How much data is passed from the CPU to the GPU per frame depends on the engine you are using and its needs. Usually, you want to keep it minimal to avoid that the GPU needs to wait for data because the CPU can't deliver it fast enough. I can not guarantee you, that the following is always the same for all engines and graphic APIs since I have only written OpenGL code myself so far, but to my knowledge, it is quite similar.
What you usually do is that you send all data that doesn't change to the GPU at the beginning. Objects (meshes) and textures are typical candidates for this. Animated meshes like characters can also be loaded in advance by providing a default position.
The object data consists of vertices. They are control points that store the position of each point and an arbitrary set of additional information. A typical additional piece of information might be a color, surface normal, or texture coordinate (this does not specify which texture). Note, that there is no information at this point, how those vertices are connected. This is why I put "meshes" into parenthesis in the previous section.
Now you have a bunch of vertex groups and textures and it is time to render our scene. We assume, that all work that is not related to rendering is done by the CPU. Most of it can also be done by the GPU, but lets keep it simple.
The CPU calculates where every object is positioned in the current frame, including the camera. It also calculates the skeletal state of our animated characters. Now, to render a single object, we need to provide the following information to the GPU:
- the object data we want to use
- the textures we want to use
- connectivity of the vertices
- the shader program we want to use
- the data the shader program requires to do its job (usually some transformation matrices and vectors)
The first two are just IDs we got from our API/engine when we uploaded the data. You should know for all your objects, which mesh and texture IDs they use. The third point, connectivity, actually tells the GPU how the single vertices are connected to each other. In OpenGL, there are several ways to specify this. A lot of them assume a specific order in the data, for example that 3 vertices in a row represent a single triangle. But there are also explicit ways by providing an index list to the GPU (This is usually also done at startup).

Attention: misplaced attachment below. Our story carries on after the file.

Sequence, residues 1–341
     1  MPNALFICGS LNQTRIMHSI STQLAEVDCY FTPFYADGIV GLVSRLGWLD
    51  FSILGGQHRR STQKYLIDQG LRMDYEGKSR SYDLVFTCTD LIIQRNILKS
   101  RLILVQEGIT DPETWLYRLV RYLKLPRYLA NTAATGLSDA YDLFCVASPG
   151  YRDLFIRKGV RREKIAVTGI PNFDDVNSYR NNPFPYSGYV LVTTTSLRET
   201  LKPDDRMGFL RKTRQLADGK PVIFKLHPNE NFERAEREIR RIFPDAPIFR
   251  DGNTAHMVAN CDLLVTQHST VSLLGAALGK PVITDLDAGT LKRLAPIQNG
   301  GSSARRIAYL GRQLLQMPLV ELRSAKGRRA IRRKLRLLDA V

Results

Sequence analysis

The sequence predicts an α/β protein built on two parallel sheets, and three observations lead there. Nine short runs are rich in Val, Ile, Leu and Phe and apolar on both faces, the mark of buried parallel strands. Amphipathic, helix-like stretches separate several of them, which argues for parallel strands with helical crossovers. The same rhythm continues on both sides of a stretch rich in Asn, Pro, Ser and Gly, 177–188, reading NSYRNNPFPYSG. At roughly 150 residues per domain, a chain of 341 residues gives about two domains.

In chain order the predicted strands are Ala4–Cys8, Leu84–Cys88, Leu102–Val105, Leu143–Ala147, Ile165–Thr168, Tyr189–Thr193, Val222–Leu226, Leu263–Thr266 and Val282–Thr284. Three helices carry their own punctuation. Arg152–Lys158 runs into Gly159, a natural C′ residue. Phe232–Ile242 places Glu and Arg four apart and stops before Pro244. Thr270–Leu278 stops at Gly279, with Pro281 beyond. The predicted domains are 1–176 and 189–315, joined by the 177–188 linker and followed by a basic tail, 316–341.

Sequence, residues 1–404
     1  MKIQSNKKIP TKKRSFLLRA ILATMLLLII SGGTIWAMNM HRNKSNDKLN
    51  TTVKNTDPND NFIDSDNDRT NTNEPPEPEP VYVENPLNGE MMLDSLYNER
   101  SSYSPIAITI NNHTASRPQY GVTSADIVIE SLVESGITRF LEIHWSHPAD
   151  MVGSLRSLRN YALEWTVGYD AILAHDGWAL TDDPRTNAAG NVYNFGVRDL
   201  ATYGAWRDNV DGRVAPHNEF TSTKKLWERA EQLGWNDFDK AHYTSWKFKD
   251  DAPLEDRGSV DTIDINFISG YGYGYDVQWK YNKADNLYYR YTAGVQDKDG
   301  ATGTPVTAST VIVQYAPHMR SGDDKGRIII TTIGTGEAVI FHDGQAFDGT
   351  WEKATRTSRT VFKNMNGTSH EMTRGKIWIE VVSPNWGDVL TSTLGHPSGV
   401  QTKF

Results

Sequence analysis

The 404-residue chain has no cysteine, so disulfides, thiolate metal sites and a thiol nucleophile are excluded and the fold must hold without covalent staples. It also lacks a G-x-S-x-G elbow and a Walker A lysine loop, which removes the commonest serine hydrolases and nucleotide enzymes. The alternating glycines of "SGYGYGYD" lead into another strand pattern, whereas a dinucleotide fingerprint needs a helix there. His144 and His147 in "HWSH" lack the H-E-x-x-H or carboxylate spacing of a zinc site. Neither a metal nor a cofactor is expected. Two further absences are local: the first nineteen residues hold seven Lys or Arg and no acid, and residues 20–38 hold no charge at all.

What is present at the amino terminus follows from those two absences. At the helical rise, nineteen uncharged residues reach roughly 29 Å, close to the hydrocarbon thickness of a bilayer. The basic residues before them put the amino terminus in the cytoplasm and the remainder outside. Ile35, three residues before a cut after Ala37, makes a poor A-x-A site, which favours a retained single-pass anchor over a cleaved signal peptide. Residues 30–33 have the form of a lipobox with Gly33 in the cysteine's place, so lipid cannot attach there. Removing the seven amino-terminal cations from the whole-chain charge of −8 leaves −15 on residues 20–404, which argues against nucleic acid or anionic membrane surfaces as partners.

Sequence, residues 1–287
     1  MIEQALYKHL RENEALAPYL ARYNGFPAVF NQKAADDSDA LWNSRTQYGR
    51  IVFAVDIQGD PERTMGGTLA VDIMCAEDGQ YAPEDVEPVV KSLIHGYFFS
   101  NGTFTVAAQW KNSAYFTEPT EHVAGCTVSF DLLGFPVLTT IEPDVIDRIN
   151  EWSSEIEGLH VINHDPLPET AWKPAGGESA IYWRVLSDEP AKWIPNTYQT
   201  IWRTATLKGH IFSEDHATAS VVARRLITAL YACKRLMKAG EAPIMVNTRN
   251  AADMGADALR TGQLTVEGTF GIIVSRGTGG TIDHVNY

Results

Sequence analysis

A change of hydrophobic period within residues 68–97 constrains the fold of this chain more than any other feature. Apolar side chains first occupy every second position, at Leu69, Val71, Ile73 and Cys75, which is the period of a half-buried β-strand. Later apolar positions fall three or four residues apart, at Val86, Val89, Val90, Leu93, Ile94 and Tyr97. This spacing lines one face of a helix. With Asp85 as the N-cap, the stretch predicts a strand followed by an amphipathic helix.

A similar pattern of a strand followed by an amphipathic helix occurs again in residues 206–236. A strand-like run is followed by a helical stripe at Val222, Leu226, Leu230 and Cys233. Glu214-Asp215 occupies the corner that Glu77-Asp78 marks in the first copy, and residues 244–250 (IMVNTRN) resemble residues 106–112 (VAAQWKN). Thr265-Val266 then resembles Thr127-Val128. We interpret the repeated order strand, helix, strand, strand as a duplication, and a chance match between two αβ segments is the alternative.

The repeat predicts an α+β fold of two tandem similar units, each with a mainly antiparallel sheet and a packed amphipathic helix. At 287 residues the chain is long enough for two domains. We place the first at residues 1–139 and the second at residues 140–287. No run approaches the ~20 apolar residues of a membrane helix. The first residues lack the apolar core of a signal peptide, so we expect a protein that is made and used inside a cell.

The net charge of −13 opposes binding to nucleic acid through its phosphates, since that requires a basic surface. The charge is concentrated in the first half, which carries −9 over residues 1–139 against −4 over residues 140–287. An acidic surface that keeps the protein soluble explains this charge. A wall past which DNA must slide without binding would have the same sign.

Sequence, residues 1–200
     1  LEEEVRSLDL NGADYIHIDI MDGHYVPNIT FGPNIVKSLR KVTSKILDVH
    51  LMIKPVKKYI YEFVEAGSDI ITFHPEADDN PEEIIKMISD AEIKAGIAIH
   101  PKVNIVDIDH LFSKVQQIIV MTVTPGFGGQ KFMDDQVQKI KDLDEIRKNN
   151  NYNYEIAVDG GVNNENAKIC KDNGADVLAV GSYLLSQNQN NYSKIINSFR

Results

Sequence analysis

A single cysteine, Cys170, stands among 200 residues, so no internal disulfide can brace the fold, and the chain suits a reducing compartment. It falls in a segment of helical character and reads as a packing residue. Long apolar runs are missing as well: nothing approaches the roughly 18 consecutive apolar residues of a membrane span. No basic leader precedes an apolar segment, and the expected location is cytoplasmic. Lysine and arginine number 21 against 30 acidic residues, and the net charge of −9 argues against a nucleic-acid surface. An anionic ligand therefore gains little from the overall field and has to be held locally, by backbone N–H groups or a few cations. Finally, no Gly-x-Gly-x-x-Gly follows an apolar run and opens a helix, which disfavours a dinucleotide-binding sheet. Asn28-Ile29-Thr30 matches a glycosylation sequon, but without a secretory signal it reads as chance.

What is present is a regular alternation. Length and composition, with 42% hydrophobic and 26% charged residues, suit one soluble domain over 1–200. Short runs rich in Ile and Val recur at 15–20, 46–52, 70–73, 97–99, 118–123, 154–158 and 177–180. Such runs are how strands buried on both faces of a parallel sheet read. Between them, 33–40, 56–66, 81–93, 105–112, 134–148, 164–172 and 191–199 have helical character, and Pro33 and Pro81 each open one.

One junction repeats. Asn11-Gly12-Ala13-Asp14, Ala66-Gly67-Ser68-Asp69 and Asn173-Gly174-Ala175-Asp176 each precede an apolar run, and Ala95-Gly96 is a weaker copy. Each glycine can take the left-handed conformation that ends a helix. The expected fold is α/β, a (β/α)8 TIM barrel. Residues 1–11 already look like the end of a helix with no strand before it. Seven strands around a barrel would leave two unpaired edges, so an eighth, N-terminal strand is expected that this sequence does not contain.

Now that the GPU knows which data to use and how it is connected, it needs to know what to do with it. This is done by selecting a shader program.
Shaders are small programs that run on the GPU. They have several stages that turn your mesh into actual pixels on your screen (see OpenGL rendering pipeline). You usually compile several of them at the beginning when uploading all the other data. Those programs generally also need some additional information to run and you need to pass that to the GPU. What that data is, strongly depends on the effects you want to use, but something you need very often are the transformations needed to place a vertex in relation to the camera and the projection you want to use (perspective, parallel). Now the shader program can calculate each vertex position on the screen, create triangles from it and color each of its pixel as desired (using the textures you specified). You do this for every object in your scene (that is not culled).
To sum it up:
For a single object in a basic OpenGL engine, you pass the IDs of its vertex data, textures and shader program to the GPU, which are just numbers. Then you pass all data needed by the shader program. This is mostly a bunch of floats for the transformations. Finally, you also tell the GPU how the data is connected for your current "draw call". There is also not much data transfer involved here, since you either have your data ordered in a specific way and need to tell the GPU just which method to use or you have uploaded a connectivity list upfront and tell the GPU the ID of the index list it should use.
Please note, that the described procedure is based on the approach that is described in most tutorials. Modern engines use several optimization techniques to balance CPU and GPU processing power so that they are always busy. This might require more involved data transfer. Also note, that the data transfer itself has bandwidth limitations that need to be considered.